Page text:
If you have a strong employer brand and are seeing enough top people for every critical position, then a surplus of talent model is sufficient. This is despite the fact that it’s somewhat impersonal and demeaning. On the other hand, if you are not seeing enough top people for these same critical positions, don’t assume you have a sourcing problem, assume you have a strategy problem. And even if you don’t, figuring it out will still lead you to the correct corrective measures.

To determine whether your company is using a surplus or scarcity talent acquisition approach, just look at the big process steps. The biggest of all the steps is at the top of the funnel – how you advertise and promote your job openings. If you are still posting traditional job descriptions emphasizing skills and experience, you’ve already lost the big battle. Unless you have a big employer brand you will only attract the unemployed and the 17% of fully-employed active candidates who are okay with a lateral transfer. You might find a great person now and then, but it’s problematic. To attract the 83% in the passive candidate pool you’ll need to advertise career opportunities.

A career move is not a boring job description wrapped in hyperbole and company platitudes. A career opportunity is a real story customized for your target ideal passive candidate who is looking for something significantly better than the job now held. Here’s an example of one we recently posted on LinkedIn. Notice how the skills are embedded in the copy. Don’t ignore the fact that no matter how the passive candidate found out about your opening, the person will quickly check out the actual posting before getting too interested. This is a critical point. To tie your strategy and tactics together every published posting needs to be compelling. If you’re unwilling to make this change, recognize that you’re accepting a surplus of talent model as your default strategy. This goes back to the theme of the article and the point raised that you don’t have a sourcing problem, you have an advertising problem masking a strategy problem.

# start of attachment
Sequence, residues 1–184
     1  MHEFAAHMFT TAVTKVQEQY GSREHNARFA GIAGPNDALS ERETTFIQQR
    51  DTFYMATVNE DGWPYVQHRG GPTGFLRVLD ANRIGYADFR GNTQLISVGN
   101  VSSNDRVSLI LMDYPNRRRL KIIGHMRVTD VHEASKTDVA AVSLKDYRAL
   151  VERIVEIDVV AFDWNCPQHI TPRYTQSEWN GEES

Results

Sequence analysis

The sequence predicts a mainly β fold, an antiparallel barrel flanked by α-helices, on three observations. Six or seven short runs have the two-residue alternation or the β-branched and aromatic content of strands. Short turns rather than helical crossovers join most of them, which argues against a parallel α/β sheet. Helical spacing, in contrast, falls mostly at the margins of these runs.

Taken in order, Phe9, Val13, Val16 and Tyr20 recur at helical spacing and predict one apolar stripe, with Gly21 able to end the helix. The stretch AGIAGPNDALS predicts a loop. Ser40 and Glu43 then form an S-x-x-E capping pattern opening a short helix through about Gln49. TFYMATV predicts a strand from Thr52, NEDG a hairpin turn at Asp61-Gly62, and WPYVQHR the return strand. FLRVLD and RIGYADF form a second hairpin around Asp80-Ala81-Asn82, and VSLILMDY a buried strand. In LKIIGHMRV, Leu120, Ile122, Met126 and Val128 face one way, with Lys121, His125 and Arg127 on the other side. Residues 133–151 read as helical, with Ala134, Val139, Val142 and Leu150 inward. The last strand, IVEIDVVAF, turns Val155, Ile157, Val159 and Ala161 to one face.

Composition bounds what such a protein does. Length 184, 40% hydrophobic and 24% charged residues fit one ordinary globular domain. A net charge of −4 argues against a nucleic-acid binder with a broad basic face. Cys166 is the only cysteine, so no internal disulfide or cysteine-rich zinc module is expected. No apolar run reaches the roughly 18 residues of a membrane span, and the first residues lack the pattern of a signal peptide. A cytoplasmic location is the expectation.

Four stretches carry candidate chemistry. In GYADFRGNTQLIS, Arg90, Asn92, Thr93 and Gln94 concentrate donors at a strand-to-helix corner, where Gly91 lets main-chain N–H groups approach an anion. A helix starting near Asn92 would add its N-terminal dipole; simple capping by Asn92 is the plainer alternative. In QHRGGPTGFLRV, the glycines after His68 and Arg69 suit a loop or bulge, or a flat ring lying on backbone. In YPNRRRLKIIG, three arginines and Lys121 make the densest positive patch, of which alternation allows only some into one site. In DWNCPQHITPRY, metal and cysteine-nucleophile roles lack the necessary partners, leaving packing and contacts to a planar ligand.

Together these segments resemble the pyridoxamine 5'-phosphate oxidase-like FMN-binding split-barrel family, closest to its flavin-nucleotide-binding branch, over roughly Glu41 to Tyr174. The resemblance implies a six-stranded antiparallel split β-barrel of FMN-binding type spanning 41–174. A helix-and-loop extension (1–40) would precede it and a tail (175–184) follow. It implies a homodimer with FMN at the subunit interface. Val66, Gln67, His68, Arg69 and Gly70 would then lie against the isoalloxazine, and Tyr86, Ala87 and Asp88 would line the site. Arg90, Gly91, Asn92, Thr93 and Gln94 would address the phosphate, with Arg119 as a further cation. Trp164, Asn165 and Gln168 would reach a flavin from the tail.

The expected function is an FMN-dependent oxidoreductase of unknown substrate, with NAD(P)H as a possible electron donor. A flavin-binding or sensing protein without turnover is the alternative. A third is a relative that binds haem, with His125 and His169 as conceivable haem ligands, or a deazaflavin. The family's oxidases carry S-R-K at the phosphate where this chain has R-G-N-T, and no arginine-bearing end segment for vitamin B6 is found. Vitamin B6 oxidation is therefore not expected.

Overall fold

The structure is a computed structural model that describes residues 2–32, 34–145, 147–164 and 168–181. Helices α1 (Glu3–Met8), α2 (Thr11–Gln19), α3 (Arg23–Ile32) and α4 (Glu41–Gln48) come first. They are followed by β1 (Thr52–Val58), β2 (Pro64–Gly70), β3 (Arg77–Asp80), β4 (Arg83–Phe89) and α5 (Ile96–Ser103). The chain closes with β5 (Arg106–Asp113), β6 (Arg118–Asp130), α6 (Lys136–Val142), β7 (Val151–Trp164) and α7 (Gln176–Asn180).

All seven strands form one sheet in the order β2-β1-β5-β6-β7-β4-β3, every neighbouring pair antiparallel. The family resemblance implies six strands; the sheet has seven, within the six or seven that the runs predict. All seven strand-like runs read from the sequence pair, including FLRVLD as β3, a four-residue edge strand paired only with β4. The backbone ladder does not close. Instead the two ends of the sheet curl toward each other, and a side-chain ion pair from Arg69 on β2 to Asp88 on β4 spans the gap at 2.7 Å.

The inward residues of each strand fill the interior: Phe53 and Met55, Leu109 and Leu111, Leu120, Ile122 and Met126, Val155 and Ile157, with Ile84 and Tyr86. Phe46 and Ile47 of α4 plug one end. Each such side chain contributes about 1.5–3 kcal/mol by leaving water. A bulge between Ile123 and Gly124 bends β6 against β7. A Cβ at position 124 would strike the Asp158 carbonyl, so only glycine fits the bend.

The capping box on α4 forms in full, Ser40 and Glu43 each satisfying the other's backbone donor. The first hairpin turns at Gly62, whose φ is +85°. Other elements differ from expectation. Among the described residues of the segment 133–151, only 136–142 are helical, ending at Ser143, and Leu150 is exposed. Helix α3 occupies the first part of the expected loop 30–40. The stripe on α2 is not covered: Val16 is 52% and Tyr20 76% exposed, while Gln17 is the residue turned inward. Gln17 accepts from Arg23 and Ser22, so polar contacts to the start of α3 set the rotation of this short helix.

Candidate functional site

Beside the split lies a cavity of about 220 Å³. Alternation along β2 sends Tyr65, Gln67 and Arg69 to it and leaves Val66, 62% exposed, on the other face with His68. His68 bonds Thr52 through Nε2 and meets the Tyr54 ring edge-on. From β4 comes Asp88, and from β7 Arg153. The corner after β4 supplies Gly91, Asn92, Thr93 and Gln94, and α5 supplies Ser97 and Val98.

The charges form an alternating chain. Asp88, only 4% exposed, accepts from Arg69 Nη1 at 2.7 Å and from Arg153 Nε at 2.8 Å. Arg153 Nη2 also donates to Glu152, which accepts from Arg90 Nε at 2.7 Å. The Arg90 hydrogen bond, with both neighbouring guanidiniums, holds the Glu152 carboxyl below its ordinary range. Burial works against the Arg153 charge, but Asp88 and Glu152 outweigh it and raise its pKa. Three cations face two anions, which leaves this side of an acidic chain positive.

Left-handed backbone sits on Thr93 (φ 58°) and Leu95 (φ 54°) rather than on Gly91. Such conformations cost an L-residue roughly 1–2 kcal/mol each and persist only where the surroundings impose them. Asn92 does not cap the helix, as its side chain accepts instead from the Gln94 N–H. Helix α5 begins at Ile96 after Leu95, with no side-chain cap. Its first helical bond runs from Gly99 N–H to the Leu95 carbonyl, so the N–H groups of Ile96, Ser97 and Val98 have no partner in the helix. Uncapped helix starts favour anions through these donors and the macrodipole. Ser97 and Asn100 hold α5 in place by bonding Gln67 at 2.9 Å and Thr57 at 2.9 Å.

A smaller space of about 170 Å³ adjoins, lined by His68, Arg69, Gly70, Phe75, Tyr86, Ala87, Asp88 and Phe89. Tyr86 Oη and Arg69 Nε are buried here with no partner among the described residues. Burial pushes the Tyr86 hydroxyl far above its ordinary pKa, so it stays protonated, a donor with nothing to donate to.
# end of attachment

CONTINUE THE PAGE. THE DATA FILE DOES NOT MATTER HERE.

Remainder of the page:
A mishmashed strategy won’t work either. You can’t use a candidate surplus model to source, recruit, and hire the 83% of the candidates who are passive. It’s a waste of time, energy, and resources, and yet it happens all of the time. When HR leaders don’t see or understand the strategy or big issue problems, they attempt to fix them by improving downstream processes. I refer to this trapdoor as the Staffing Spiral of Doom Catch-22.

From Wikipedia:

A catch-22 is a paradoxical situation in which an individual cannot avoid a problem because of contradictory constraints or rules. Often these situations are such that solving one part of a problem only creates another problem, which ultimately leads back to the original problem. Catch-22s often result from rules, regulations, or procedures that an individual is subject to but has no control over.

The term catch-22 was coined by Joseph Heller in his novel Catch-22.

Avoid it at all costs.